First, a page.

For the past several years, I have conducted a year-in-review of my photography. Now, I take a look back at a decade. It was, as the title says, a decade of discovery. But it was, for me as an artist, a decade of growth. I saw many firsts in my career, and in my experiences…
Our home on the Anchorage hillside is just about as wild as you can get while still being only a ten-minute drive from the nearest grocery store (the Huffman Carrs). Zoned in what is called an R-6 area, properties are required to have a minimum lot size of an acre. Ours is 1 1/4 acres….
People have asked me how it is that I photograph something as massive as a polar bear but also as miniscule as a collared pika. In this post I discuss a bit about why that is and what it takes to cover a broad range of wildlife as a photographer.
A young Finnish photographer named Konsta Punkka, self-proclaimed to be the “Squirrel Whisperer,” has been in the news a bit lately, celebrated for his stunning up close images of wildlife. Regardless of his striking images, he should not be celebrated, he should be condemned. And he’s not the only one.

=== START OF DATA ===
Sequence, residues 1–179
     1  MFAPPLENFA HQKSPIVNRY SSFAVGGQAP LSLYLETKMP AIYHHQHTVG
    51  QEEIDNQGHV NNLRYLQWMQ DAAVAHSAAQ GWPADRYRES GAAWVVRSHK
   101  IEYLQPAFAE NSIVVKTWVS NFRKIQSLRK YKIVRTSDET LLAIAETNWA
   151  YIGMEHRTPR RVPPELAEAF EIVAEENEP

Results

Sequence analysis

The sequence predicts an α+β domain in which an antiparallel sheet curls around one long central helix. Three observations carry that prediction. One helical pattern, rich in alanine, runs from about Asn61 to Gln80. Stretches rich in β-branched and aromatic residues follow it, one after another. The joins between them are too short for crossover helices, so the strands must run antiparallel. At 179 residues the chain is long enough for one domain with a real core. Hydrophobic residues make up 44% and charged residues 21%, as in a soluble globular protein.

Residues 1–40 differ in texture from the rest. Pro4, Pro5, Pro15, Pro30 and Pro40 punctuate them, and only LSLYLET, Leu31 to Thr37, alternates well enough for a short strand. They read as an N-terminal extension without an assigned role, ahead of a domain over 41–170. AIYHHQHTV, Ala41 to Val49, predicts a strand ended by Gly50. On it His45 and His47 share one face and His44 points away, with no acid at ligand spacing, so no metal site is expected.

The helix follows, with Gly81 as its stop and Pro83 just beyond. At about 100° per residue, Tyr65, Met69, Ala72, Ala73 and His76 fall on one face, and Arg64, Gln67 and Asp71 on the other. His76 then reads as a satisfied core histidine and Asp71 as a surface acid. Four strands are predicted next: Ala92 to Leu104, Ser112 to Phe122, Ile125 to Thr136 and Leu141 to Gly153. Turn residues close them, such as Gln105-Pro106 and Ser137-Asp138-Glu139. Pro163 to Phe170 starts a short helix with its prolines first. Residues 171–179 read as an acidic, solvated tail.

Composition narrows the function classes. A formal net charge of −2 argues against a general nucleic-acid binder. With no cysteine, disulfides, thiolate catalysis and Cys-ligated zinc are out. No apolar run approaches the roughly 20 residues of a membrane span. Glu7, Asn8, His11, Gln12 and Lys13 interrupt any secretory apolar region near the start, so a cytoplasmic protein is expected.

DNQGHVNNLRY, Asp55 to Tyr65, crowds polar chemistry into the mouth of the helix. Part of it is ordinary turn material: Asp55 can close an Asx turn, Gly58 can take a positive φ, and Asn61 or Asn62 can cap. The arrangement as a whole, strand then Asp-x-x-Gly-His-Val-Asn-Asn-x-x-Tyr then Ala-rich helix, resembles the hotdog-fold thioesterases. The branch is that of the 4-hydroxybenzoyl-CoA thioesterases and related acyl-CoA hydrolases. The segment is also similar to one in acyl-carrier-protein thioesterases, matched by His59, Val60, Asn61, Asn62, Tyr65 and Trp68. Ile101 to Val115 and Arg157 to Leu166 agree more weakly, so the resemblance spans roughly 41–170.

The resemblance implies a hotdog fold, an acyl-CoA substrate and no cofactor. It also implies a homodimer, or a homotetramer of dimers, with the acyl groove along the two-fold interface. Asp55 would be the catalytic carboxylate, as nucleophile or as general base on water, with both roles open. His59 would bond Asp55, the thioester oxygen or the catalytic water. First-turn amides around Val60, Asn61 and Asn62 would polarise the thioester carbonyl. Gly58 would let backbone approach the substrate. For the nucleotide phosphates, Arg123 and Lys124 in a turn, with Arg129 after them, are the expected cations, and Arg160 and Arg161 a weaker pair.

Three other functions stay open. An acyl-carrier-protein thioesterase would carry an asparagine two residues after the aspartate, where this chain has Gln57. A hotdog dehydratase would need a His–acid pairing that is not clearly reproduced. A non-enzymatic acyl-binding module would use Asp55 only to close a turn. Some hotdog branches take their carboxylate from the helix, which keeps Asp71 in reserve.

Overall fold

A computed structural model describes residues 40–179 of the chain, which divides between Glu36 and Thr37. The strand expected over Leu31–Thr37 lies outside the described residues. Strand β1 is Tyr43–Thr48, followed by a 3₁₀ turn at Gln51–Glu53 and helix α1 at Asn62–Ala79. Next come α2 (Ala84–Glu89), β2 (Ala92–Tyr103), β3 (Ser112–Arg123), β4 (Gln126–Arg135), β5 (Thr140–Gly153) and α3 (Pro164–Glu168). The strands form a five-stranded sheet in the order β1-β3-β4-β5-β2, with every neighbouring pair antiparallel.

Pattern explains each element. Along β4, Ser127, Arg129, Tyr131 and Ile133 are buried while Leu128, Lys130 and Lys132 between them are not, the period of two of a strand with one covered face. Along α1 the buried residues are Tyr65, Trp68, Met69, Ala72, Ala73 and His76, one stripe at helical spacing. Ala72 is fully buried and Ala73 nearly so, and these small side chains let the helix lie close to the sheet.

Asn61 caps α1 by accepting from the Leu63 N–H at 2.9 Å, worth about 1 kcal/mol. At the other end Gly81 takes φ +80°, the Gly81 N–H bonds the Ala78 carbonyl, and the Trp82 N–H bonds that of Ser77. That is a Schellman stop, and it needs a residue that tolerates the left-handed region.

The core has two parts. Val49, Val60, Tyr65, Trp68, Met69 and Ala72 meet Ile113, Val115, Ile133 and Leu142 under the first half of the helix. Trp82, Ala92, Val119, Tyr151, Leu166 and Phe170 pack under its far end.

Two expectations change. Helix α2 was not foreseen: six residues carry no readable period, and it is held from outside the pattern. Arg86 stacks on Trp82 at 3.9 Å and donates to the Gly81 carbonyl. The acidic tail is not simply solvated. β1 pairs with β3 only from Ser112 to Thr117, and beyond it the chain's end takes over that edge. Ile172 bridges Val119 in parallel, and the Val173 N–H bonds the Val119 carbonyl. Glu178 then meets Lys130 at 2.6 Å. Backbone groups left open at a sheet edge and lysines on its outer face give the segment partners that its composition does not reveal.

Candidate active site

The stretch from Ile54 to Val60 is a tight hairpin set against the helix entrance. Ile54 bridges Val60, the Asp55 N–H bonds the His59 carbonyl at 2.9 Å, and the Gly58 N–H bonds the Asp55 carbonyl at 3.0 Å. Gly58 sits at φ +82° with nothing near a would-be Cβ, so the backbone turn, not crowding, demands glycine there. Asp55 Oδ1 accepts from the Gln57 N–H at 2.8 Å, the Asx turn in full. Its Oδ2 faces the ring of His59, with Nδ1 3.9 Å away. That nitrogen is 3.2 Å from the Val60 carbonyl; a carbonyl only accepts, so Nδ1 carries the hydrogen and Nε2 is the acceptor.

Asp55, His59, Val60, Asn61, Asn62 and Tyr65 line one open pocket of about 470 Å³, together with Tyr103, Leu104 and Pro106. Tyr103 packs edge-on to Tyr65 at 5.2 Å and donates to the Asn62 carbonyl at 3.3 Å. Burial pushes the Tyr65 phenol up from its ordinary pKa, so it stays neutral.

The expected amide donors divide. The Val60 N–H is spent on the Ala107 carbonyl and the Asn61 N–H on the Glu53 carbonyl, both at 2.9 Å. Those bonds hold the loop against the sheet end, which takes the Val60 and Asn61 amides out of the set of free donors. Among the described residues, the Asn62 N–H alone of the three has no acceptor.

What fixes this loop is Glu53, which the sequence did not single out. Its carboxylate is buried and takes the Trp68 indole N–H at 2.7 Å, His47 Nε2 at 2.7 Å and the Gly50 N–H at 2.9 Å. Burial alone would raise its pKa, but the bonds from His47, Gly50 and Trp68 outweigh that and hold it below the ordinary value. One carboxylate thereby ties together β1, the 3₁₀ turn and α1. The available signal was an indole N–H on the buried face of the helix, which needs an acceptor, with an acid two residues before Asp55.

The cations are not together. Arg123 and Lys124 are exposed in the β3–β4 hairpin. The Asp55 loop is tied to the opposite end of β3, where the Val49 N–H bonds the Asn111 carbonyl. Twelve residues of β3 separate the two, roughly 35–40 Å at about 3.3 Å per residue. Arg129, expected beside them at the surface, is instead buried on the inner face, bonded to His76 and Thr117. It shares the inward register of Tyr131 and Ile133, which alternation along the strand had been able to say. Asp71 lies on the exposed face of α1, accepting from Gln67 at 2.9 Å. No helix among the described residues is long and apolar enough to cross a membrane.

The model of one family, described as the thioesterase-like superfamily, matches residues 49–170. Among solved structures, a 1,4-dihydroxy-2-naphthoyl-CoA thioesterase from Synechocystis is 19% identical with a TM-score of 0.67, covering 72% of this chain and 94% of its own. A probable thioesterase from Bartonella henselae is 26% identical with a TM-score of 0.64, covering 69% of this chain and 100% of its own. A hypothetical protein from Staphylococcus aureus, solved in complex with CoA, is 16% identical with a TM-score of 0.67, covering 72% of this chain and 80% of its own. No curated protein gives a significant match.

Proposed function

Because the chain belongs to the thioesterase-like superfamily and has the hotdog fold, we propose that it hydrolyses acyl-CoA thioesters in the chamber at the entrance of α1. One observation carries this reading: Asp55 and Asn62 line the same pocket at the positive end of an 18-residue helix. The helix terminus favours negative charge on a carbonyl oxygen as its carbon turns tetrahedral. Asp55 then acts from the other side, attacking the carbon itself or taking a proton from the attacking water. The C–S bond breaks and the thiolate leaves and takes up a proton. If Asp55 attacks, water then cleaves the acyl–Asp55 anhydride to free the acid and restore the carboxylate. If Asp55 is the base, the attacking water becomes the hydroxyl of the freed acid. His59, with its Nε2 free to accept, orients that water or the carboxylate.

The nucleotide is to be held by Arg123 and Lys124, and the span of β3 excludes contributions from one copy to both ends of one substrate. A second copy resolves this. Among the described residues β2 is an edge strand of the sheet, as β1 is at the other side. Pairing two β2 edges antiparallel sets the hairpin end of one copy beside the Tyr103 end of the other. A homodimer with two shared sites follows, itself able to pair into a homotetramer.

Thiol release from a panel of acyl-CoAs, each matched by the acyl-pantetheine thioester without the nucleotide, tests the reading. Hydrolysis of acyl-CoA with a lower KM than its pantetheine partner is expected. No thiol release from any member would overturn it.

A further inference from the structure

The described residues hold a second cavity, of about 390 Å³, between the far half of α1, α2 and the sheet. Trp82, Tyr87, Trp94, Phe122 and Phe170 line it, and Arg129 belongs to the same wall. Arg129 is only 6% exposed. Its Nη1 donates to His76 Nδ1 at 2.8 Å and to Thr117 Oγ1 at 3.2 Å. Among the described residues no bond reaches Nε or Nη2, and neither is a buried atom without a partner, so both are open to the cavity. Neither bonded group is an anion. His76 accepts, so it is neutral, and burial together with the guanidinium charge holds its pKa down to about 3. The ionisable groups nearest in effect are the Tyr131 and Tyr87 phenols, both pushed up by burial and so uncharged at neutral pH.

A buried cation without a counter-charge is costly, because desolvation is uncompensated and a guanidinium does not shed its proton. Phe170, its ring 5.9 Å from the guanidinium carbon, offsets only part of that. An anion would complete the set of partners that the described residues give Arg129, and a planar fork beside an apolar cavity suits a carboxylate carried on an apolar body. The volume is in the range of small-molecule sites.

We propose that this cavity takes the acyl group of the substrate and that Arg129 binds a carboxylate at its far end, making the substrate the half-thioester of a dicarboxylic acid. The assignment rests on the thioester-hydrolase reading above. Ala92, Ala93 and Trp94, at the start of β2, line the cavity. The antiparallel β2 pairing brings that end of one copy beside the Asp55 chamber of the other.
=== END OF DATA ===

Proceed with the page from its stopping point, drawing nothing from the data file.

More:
In 2007, I had the pleasure of serving as the Artist-in-Residence for Gates of the Arctic National Park & Preserve, Alaska. For the first part of my trip, I chose to base camp in an area that was part of the migratory route of the Western Arctic Caribou Herd. This blog tells the story of what I found.
As our group was gathering at the main lodge to head out for the morning, we heard the call come in from a radio in the kitchen: there was a sow and spring cubs out on a rocky point near where our boats waited for us to board. I recognized the voice of Perry, the manager and our host here at the Katmai Wilderness Lodge in Kukak Bay of Katmai National Park and Preserve.